The Oregon was built by John Elder & Co. at the Fairfield Yard, Glasgow, for the Guion Line and launched on 23 June 1883. In 1884 the ship took the Blue Riband for both the Westbound and Eastbound crossings. The vessels impressive speed earned her the nickname ‘Greyhound of the Atlantic’.
The Guion Line was having financial difficulties and Oregon was sold to the Cunard Line in May 1884. In 1885 the Oregon was briefly requisitioned by the British Government for war service and fitted out as an AMC although she never saw active service.
As the Oregon was heading towards New York on the night of 14 March she was struck on her port side by a sailing schooner, thought to be the Charles H. Morse, approximately 18 miles off Fire Island, Long Island. The collision resulted in the Oregon being badly holed below the waterline and the ship eventually sank with no loss of life.
|Dimensions||158.5 x 16.5 m (520 x 54 ft)|
The Oregon lies at depth of 40m (130ft), with the bow pointing due north and the shallowest part being the engines at 25m (85ft). It takes several dives to cover all of the wreck. The starboard side is higher than the port side, where the wreckage slopes down into the seabed. The bow is the most intact and recognisable part of the original hull. The nine boilers are an impressive feature, along with the giant compound steam engine which stands high above the wreck. The stern is one of the most distinctive parts of the wreck featuring the huge steering quadrant.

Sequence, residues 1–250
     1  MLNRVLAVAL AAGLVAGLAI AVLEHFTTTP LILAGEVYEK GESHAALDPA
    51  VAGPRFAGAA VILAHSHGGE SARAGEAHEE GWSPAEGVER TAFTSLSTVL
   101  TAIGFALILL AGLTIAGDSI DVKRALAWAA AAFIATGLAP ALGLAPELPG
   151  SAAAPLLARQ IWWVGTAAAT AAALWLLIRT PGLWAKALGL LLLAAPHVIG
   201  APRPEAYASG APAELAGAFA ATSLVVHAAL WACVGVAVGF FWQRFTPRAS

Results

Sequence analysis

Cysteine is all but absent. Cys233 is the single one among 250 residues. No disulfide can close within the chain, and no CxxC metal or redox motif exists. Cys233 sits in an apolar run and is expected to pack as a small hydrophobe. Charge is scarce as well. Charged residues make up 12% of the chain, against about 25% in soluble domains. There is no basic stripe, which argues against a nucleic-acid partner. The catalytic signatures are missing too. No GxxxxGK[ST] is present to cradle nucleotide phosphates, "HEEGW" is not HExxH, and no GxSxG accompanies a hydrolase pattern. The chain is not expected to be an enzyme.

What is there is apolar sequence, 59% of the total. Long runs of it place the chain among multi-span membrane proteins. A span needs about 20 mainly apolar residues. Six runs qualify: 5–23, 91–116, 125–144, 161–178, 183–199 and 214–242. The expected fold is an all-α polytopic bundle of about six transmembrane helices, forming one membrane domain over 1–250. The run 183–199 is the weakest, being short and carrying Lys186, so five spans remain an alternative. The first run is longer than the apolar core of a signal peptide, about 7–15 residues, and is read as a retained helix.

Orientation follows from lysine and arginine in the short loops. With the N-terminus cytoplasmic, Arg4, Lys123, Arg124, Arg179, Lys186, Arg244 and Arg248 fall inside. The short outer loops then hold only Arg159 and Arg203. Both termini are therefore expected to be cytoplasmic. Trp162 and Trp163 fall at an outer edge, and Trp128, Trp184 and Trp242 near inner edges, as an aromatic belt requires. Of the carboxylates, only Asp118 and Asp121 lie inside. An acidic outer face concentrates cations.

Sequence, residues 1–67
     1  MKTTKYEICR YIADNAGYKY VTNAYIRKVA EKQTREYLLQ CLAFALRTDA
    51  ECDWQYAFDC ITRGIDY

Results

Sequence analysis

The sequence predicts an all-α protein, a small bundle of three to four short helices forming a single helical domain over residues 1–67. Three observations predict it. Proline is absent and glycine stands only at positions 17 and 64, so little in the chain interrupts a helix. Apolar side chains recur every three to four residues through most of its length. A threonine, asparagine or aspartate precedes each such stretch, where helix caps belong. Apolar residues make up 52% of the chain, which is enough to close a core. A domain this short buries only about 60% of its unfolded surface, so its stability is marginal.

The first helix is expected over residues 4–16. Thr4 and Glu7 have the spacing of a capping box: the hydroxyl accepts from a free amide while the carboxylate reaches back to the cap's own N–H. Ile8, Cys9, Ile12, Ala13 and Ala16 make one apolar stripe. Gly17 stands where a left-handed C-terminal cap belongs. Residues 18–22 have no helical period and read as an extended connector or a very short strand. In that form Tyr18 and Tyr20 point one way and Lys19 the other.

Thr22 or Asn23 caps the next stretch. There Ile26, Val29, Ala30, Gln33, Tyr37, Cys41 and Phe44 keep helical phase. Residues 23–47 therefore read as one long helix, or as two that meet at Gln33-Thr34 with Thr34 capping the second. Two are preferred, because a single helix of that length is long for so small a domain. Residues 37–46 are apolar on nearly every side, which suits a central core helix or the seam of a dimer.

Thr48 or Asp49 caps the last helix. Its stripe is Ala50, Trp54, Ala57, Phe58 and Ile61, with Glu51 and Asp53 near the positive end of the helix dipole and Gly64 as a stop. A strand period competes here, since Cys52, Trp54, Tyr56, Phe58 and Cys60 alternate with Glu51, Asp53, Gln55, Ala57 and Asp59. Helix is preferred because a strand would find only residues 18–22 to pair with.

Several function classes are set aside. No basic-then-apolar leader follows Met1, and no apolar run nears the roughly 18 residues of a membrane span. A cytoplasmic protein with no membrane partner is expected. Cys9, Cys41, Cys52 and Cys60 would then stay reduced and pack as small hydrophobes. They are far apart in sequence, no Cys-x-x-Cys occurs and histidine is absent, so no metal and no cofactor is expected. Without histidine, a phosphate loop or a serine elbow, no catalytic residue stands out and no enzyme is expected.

There is an abundance of marine life.
|Position||40° 30.823 N 072° 50.406 W|
|Tides||Any time, ocasional strong currents|
|Dive Wreck Valley with Dan Berg. The Oregon.|
|Oregon wreck dive (1)|
|Oregon wreck dive (2)|